Pope Francis says it more simply: “economies are meant to serve people,” he points out, rather than the other way around.  He has frequently spoken out against economies of exclusion and the encouragement of a throwaway culture designed to fuel profits at the expense of people, the quality of life, and the environment.  “We have created new idols,” he explains.  “The worship of the ancient golden calf has returned in a new and ruthless guise in the idolatry of money and the dictatorship of an impersonal economy lacking a truly human purpose…  The problem, he explains, is the single-minded focus on profits:  “This imbalance is the result of ideologies which defend the absolute autonomy of the marketplace and financial speculation. Consequently, they reject the right of states, charged with vigilance for the common good, to exercise any form of control. A new tyranny is thus born…”

The result?  Tragedies like Bhopal and, in Pope Francis’s words, “the reduction of man to a single need: consumption.”  For example, deliberate attempts to addict generations of young people to tobacco smoking.

Happily, there are signs that his message is taking root.  In August of 2019, the Business Roundtable, a US lobby that represents many of America’s largest corporations, revised its decades-old definition of the purpose of a corporation as solely to maximize shareholder return.  Following pressure from civic organizations, the public, and young employees, the group redefined legitimate stakeholders to include customers, employees, suppliers, and the communities in which they exist.

It’s a small step, and the road will be hard:  Business Roundtable’s resolution is not binding, and the urge to maximize profit is very strong.  But it’s a sign of hope.

The Fifth Social Sin includes at least the following:

  • Creation and exploitation of false needs, promotion of unsustainable consumption.
  • Exploitation of workers, or by workers.
  • Interference with dignified work, e.g., unnecessary automation.

The Sixth Social Sin:  Technology without Humanity.

Science and technology have unquestionably brought good things to the world:  wonders have been achieved in medicine, transportation, communication, and security, for example.  But it is also clear that sometimes, in search of power and the satisfaction of greed, we choose to develop technologies in ways that are not primarily intended to improve life on a human scale.  We build machines intended primarily to kill, to control, to make money by putting people out of work or distracting them from things that matter.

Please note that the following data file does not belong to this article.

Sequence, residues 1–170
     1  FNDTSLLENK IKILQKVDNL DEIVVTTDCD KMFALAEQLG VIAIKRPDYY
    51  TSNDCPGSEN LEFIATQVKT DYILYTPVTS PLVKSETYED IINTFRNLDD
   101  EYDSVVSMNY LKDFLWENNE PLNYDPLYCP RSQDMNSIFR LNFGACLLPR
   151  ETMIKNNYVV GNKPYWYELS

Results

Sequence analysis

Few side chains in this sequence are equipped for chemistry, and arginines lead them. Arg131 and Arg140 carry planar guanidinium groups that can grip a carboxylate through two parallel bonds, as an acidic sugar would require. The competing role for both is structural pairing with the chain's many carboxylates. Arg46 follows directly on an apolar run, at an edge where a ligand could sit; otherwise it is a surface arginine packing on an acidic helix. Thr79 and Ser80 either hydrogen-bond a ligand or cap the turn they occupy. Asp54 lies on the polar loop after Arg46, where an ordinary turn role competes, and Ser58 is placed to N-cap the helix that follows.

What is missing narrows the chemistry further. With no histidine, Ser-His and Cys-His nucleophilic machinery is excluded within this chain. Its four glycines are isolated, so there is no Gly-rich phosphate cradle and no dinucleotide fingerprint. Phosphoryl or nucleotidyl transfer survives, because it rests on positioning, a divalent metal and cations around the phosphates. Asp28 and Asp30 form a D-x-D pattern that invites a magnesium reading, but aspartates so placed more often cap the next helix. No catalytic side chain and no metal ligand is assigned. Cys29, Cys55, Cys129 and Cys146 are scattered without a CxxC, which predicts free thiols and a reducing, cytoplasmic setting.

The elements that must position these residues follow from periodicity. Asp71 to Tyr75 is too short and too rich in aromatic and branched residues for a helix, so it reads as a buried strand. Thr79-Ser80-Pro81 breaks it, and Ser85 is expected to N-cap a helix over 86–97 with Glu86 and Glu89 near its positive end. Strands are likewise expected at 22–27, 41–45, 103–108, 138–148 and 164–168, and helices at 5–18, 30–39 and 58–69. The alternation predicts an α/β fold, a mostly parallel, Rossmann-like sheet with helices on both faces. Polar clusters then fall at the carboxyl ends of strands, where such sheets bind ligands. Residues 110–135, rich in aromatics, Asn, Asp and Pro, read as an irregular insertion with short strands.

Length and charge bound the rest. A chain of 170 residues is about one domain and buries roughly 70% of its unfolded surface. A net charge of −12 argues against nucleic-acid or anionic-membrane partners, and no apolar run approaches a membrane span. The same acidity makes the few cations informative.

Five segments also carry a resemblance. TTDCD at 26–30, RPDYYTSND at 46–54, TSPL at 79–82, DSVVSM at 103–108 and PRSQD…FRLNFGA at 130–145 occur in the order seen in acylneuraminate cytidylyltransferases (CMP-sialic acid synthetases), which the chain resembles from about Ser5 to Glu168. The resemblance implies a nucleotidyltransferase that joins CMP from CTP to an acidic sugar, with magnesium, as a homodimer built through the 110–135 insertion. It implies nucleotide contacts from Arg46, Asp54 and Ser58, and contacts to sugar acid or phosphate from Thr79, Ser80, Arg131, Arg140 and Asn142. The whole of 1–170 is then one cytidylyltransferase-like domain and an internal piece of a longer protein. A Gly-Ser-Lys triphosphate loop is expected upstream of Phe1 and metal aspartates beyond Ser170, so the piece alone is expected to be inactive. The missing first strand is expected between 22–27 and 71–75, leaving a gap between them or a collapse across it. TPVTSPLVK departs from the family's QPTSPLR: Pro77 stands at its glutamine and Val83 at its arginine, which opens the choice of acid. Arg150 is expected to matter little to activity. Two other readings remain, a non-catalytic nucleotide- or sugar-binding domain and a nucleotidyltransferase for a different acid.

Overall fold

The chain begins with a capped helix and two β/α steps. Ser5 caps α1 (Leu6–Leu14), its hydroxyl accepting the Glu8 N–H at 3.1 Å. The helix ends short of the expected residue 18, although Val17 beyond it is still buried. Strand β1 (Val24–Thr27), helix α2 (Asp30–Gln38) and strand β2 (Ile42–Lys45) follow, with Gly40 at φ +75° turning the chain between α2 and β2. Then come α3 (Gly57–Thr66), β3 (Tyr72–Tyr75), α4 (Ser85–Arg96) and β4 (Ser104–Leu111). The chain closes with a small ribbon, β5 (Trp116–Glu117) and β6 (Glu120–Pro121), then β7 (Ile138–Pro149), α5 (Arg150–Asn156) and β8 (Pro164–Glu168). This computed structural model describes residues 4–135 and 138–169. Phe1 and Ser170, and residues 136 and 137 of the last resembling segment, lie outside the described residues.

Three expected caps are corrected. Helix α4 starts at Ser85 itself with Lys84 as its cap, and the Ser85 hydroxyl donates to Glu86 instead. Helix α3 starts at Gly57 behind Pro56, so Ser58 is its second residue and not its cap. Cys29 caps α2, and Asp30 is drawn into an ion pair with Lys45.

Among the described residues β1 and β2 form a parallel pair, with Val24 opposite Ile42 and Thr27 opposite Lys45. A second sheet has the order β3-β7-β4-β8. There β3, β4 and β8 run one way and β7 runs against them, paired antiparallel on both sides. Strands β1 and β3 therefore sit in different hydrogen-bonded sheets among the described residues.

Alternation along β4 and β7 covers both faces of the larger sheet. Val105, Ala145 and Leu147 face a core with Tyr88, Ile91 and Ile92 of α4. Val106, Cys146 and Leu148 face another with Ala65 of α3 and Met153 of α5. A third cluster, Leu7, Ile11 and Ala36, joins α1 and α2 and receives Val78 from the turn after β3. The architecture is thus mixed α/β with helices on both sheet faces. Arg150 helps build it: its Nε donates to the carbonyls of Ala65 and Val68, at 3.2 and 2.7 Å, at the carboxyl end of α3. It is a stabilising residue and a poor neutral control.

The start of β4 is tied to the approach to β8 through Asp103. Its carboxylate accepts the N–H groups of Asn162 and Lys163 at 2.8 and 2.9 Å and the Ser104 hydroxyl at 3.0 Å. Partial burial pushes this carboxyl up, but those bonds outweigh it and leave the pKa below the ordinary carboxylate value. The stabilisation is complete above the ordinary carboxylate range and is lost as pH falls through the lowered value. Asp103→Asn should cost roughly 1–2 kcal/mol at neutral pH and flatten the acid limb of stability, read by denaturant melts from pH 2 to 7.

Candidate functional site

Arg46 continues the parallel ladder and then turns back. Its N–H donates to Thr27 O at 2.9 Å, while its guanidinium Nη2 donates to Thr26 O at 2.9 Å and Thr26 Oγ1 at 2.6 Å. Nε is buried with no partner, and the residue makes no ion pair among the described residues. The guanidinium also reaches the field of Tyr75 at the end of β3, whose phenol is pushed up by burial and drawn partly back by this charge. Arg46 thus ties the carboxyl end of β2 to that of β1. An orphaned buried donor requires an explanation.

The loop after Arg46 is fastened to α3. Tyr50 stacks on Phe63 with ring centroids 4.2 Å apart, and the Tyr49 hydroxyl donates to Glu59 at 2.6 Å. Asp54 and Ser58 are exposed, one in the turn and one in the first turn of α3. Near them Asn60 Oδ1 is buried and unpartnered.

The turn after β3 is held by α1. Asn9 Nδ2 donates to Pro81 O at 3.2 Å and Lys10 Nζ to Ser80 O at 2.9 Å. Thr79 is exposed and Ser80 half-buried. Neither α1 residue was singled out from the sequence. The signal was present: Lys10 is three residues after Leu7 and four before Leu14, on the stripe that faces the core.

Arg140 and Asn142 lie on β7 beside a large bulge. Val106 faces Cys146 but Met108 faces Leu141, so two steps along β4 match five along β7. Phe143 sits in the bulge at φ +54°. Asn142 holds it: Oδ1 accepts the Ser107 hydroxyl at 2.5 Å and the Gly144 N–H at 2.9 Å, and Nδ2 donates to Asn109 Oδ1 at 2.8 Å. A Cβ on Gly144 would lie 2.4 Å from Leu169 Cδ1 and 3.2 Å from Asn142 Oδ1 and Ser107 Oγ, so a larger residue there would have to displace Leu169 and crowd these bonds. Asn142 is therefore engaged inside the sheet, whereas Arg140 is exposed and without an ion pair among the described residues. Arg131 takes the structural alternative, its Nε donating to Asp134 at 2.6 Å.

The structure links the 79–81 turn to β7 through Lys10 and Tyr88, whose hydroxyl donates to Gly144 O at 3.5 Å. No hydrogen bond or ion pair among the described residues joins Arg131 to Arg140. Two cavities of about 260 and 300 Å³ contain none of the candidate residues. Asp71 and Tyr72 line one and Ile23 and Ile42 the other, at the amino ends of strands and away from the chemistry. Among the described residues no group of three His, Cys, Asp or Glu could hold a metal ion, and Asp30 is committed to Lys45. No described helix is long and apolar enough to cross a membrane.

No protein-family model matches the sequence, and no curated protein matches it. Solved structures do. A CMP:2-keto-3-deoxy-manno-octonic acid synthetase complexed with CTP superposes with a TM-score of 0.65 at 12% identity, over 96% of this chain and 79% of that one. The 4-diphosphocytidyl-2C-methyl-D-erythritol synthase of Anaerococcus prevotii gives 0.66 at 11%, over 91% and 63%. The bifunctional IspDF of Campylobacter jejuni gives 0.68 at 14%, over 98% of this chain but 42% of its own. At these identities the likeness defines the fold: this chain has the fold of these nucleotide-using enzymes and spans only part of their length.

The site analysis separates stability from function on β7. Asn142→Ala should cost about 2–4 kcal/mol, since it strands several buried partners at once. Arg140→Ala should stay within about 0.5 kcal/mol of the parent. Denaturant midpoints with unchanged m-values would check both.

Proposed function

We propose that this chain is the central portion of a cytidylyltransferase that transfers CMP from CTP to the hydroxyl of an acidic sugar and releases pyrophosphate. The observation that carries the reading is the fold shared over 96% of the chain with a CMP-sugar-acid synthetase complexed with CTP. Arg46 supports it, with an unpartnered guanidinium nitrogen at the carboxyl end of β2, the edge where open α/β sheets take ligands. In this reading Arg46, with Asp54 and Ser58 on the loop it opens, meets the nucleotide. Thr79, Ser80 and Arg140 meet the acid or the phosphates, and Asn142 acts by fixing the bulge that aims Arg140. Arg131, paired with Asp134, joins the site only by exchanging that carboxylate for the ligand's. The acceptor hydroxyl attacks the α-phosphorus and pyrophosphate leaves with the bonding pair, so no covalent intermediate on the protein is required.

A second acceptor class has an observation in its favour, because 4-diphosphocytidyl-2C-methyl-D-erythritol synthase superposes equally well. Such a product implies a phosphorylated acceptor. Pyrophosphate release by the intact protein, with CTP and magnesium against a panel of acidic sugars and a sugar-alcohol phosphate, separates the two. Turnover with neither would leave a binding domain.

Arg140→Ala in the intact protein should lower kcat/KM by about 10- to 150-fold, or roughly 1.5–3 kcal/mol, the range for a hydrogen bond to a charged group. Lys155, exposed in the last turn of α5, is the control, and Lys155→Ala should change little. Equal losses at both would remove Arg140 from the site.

Where are the lines?  Airplanes can carry either people or bombs.  How do we tell which one is better for people than the other?  How do we build a world where ploughshares are valued more than swords?

The Seventh Social Sin:  the Perpetuation of Ignorance.

If our first priority in life is to seek the truth so that we can serve God properly, then anything that interferes with that effort raises concerns – and things that are deliberately meant to hinder us could be considered sin.

Many things can hinder the search for truth: the deliberate termination of human life at any time between conception and natural death, for example, along with any means of denying others their dignity or access to the necessities of life. Likewise deliberately attempting to distract others from truth.

Too often our society distracts us, in too many ways – for example:

• By promoting unprincipled education, or acquiescing in it
• By promoting unprincipled or unconscionable entertainment, such as salacious media and opportunities for substance abuse
• By promoting vanity, frivolousness, or self-centeredness
• By manipulating the news for improper purposes, or promoting irresponsible journalism.

Each of us bears not only a responsibility for our own education, but a responsibility for what is passed to others by society in the name of education, news, or entertainment.

“The lamp of the body is your eye. When your eye is sound, then your whole body is filled with light, but when it is bad, then your body is in darkness. Take care, then, that the light in you not become darkness.” Luke 11:34-35